Seventy percent (70%) of the respondents using ion exchange indicated that they are generally satisfied with the technology and 60% indicated they would purchase the same unit from the same vendor if faced with a similar need. Twenty percent (20%) of the respondents using ion exchange indicated they would not purchase this technology for a similar need in the future.

Ion exchange capital costs are related to capacity, which is stated in terms of flow rate (typically gallons per minute). The median price paid by respondents who reported price information was $47,500. The range of capital costs was relatively wide, with the lowest being $5,000 and the highest being $100,000.

6.2.3 Electrowinning

Electrowinning is a common metal recovery technology employed by PWB manufacturers to remove metallic ions from spent process fluids, ion exchange regenerant, and concentrated rinse water (e.g., drag-out rinses). Eighteen percent (18%) of the survey respondents reported using electrowinning as a recovery technology and 11% reported using electrowinning as part of their end-of-pipe system (i.e., in conjunction with ion exchange).

An electrowinning unit consists of a rectifier and a reaction chamber that houses anodes and cathodes. In the simplest design, a series of alternating cathodes and anodes are set in the reaction chamber and the electrolyte is made to flow past (or through) them. Metal ions are reduced onto the cathode. The rate at which metal can be recovered from waste fluids or ion exchange regenerant depends on several factors, including the concentration of metal in the electrolyte (the higher, the faster), the size of the unit in terms of current and cathode area, and the predominate species of metal being recovered.

Other than ion exchange regenerant, electrowinning can be applied to various spent process fluids. Three respondents indicated that they use this technology to process spent micro-etchant. Spent micro-etchant contains 15 to 30 g/l (i.e., 1 to 3%) of copper and is created at a relatively high pace from several process lines.k A common practice is to reduce remaining persulfate in the spent bath with a reducing agent (e.g., sodium bisulfite), adjust the pH to 1-3 and then commence electrowinning. Copper recovered by the process is often sold (it is not of sufficient quality to be reused in the PWB process), defraying the overall cost of operating this technology. Electrowinning is also commonly applied to spent gold solutions, gold drag-out and drip tanks, silver-bearing developer and fix solutions, and other copper- or lead-bearing spent solutions (such as strippers or acid dips). Recovery of precious metals rapidly recovers the cost of electrowinning equipment, but most PWB shops produce waste gold- or silver-bearing solutions only in small quantities. Solutions containing hydrochloric acid, or the chlorine ion in general, are usually not processed using electrowinning since electrolysis of these fluids can result in the evolution of chlorine gas. The concentration of metal ions in a solution can be readily reduced below 1 gram per liter using electrowinning, and lower concentrations (as low as 1 mg/l) are possible with some electrolytes. However, the efficiency of the electrowinning process (i.e., mass of metal removed per unit consumption of energy) steadily decreases as the metal ion concentration is depleted.

Eighty-nine percent (89%) of the respondents that have employed electrowinning as a recovery technology were generally satisfied with their unit. A lower percentage (63%) indicated they will buy the same technology from the same vendor if faced with a similar decision in the future. Thirty-eight percent (38%) indicated they will not purchase electrowinning at all in the future if faced with a similar need.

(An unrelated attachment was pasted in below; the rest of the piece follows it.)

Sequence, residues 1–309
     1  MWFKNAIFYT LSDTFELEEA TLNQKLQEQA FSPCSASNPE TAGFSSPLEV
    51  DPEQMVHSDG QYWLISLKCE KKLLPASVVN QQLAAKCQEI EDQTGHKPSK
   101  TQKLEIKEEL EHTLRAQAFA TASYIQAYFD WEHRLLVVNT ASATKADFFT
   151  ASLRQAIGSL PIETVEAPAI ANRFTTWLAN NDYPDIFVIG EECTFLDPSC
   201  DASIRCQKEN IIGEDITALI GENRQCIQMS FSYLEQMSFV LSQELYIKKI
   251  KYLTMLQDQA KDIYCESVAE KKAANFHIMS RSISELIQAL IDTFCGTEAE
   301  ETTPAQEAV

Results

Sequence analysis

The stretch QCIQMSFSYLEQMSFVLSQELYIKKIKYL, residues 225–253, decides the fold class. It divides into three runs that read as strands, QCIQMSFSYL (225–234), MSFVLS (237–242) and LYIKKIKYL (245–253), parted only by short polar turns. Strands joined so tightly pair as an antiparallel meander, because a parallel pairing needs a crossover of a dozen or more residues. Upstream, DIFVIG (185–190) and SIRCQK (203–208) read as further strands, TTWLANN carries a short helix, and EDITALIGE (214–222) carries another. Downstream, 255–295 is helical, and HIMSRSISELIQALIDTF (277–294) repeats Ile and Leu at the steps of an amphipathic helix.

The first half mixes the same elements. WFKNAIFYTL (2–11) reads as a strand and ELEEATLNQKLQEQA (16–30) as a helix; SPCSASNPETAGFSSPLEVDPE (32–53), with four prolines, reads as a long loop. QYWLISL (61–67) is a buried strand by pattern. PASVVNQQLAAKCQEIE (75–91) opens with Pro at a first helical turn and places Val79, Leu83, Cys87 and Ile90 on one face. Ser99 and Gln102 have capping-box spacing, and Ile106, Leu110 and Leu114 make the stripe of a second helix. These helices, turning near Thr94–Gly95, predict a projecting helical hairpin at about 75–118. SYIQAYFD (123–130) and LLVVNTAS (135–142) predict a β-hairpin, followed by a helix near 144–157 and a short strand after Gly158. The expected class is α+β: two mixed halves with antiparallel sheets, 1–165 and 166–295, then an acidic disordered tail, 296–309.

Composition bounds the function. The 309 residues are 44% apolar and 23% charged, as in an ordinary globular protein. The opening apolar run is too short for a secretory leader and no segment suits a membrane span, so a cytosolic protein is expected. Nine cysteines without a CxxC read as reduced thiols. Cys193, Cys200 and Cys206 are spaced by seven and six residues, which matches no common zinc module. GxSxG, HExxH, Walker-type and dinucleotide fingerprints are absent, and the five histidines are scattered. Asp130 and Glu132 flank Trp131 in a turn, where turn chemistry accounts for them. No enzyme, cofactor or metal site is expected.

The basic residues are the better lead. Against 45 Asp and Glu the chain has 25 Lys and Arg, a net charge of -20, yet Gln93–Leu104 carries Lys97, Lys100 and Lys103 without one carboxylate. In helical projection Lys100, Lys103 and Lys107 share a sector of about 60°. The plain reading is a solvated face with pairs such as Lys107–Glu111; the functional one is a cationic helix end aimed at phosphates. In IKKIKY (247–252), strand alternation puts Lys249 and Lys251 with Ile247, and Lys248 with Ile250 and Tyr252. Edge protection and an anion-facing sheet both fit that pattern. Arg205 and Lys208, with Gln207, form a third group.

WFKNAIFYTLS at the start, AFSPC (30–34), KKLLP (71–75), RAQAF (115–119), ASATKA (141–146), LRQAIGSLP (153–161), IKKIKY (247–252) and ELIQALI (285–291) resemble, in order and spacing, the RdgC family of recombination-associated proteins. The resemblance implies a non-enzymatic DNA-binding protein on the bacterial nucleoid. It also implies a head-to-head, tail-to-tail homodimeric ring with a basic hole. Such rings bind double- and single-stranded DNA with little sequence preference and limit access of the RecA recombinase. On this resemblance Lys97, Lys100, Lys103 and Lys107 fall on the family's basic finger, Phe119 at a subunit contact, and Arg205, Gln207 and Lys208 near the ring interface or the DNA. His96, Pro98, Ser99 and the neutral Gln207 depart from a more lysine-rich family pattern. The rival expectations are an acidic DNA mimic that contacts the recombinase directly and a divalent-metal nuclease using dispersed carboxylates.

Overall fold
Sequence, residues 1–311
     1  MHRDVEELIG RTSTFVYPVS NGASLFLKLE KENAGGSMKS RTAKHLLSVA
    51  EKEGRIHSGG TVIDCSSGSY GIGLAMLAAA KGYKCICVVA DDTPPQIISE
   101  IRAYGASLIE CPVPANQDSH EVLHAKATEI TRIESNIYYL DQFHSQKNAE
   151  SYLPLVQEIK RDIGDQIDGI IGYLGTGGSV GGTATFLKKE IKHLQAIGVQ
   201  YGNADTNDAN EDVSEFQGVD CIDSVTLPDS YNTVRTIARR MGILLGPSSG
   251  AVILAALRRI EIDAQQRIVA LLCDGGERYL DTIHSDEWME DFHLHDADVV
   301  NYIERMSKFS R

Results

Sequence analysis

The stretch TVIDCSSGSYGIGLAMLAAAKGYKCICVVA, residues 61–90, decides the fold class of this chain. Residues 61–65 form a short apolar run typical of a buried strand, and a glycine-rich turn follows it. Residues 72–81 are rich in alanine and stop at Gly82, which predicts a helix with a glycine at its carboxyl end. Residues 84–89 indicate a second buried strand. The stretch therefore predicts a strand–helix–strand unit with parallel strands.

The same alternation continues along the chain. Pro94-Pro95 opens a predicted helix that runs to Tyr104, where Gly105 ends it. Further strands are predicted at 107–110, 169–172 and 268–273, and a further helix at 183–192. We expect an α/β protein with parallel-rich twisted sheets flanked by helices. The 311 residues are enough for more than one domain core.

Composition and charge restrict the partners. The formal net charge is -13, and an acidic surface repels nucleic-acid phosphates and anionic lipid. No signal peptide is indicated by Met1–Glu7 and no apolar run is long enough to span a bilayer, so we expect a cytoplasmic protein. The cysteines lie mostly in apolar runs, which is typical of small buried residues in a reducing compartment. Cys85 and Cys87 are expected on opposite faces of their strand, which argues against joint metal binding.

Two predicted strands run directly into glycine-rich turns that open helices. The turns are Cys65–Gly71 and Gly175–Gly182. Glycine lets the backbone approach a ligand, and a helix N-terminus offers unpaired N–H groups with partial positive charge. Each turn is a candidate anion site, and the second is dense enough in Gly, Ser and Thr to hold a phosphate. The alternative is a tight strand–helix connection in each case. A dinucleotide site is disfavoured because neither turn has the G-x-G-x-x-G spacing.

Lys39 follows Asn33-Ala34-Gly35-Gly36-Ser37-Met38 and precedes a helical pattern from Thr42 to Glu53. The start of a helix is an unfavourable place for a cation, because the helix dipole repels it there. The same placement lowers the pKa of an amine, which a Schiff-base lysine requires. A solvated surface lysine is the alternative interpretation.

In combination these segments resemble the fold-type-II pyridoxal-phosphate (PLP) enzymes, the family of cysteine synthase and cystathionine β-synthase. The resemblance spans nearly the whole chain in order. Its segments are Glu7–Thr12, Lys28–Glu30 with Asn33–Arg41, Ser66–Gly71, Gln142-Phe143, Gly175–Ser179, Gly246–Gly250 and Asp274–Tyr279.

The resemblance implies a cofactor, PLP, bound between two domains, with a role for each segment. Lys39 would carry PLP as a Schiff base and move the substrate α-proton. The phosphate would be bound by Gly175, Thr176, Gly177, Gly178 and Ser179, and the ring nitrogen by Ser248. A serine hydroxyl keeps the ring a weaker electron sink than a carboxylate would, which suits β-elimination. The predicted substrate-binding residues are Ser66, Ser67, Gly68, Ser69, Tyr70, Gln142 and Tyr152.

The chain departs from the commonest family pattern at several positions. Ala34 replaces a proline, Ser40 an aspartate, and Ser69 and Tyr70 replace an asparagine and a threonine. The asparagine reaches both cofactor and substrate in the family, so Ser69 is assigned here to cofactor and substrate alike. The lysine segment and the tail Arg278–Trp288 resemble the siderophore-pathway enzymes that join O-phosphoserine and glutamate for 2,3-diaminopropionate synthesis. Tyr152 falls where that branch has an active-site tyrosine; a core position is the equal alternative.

Electrowinning capital costs are dependent on the capacity of the unit, which is rated by most vendors in terms of current (maximum amperage range of common units is 20-1,000 amps DC), cathode area (ft2), and/or metal recovery capacity (lb/day). The median cost of the units for which data were provided was $15,000.

6.2.4 Other Technologies

No other technology was reported in use by more than one respondent. One respondent (ID# 133000) cited use of evaporation, which was employed to recover copper sulfate electroplating solution. One respondent reported using diffusion dialysis for bath maintenance on a tin-lead strip solution. Diffusion dialysis is a membrane technology that is typically employed to purify acids (e.g., nitric acid used in tin-lead stripping baths).

Membrane electrolysis is used by one respondent (ID# 946587). It is employed as an on-line regeneration method for cupric chloride etchant. The etching by-product, cuprous chloride, is brought in contact with the anode of the membrane electrolysis unit, where the cuprous ion is re-oxidized. At the cathode, copper is removed (in metallic form) from the solution at a rate roughly equal to the rate at with it is being introduced. A membrane separates the cathode and anode and allows the user to control the rate at which copper is removed from the etchant.

The same respondent also reported using solvent extraction technology for on-site regeneration of ammoniacal etchant (and drag-out recovery). With the solvent extraction process,l spent etchant containing dissolved copper is mixed with an organic solution containing an organic reagent in a mixer-settler tank. Some of the copper reacts with the organic reagent and forms a chemical complex which is more soluble in the organic phase than the etchant solution. The copper concentration of the etchant solution is thus reduced. The processed etchant solution is fed through a carbon filter and returned to the process. The organic reagent is processed using electrowinning to recovery the copper.